We collaborated on a multidisciplinary diagnosis about the accessibility needs for people with disabilities, at the four regional museums of INAH in Campeche (Museo de Arquitectura Maya Baluarte de la Soledad, Museo de Arqueología Maya Fuerte de San Miguel y Museo de Arqueología Maya del Camino Real de Hecelchakán y Museo de Arqueología Subacuática Fuerte de San José el Alto), that included the facilities’ assessment for physical access but also of contents and languages. Subsequently at El Gabinete we developed different tasks:
We designed the graphic line for three of the museums: logo, graphic and exhibition design applications’ manual, besides the signals with Braille and new graphic prints. For all four museums we produced the Welcoming videos narrated in Spanish, with English subtitles and Mexican Sign Language.
We developed seven interactive modules for different format touchscreens and a responsive website of the four museums with their respective galleries and services.
We made the User experience design and development for a mobile app ecosystem (for Android and iPhone). In this case, with the intention of not repeating information or competing with the website, we decided to create an app for a specific type of public: visitors with blindness and visual impairment, who usually find diverse obstacles when using public spaces particularly museums where they are supposed not to touch anything and there are risks to damage objects, a situation that creates a lot of stress on them which is why they are not frequent museum visitors. The exhibition design intervention of this project included on the scripts, some tactile stations or haptic modules that show replicas of some relevant collections for the visitor to touch. They also feature audio descriptions and videos with Mexican Sign Language.
In order to fulfill the objectives of an app for blind or visually impaired people, we knew it was fundamental to know the final users’ needs, so we made a series of interviews to blind people that revealed unsuspected data, for instance that they use their phones comfortably with the Accessibility tools already included on the operation systems, such as: Voice over, Magnifying glasses, Contrast, Color or Brightness change; which are fundamental in their daily lives. Technology and multiple apps in the market allow them to access (even faster than Braille) to many unavailable for them before. On the other hand, we understood that it was important to have features for people with visual remnants such as the possibility to distinguish color or contrast; another important data is that there are many people who are not blind since birth.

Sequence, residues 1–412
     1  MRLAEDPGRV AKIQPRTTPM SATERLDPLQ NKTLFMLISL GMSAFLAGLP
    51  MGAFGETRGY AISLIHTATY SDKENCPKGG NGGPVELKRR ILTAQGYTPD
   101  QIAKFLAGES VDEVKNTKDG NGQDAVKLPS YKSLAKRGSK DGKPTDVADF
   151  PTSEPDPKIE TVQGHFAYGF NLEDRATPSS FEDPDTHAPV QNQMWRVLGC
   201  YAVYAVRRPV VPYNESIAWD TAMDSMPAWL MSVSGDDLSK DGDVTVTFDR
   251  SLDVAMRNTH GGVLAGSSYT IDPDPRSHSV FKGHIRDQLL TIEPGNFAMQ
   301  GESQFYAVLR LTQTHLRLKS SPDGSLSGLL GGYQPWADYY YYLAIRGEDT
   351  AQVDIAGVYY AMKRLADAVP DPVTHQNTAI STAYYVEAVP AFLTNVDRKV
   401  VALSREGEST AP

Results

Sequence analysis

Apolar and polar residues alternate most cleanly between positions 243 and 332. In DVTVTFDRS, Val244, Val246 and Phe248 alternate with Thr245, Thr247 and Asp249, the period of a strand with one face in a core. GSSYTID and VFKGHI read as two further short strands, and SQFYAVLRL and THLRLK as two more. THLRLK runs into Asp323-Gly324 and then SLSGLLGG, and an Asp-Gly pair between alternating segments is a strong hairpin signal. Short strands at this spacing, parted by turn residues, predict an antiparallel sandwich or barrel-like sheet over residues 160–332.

Having this in mind as well as other testimonies, we elaborated mind maps that related the content of each gallery and each one of its tactile modules, with the needs of the users. In this process we began to break our own paradigm and, thinking more empathically, we began to use our own devices as they do. Later on, it was clear that our app should take as much advantage as possible of the Accessibility options in each device system and focus our efforts in the development and content care.
The interface should be simple, with good contrast color, and navigation tools big enough and easily placed for location. We introduced a User Manual on the app’s OnBoarding, in a colloquial and kind language with curious data to awaken the interest of the general public.
The content (mainly in audio descriptions) is detonated through radiofrequency sensors installed in the galleries, commonly known as beacons; these send proximity alerts to the visitor to indicate the presence of tactile modules. Thanks to the Accessibility options en Android and IOS devices, many blind people use mobile technology in a similar way as people with normal vision; the app through Bluetooth, Voice over or Voice assistance guides the visitors from the entrance of the precincts to each one of the haptic modules.
Considering this, we applied a Universal Design criteria, so that anyone using the app: blind, visually impaired people, or with normal vision, may all acquire a broader panorama than the one they had before visiting the museum. The app also takes support on the audios located on the haptic modules and give deeper information of the themes and objects of each gallery.
Domo Educativo / INAH Campeche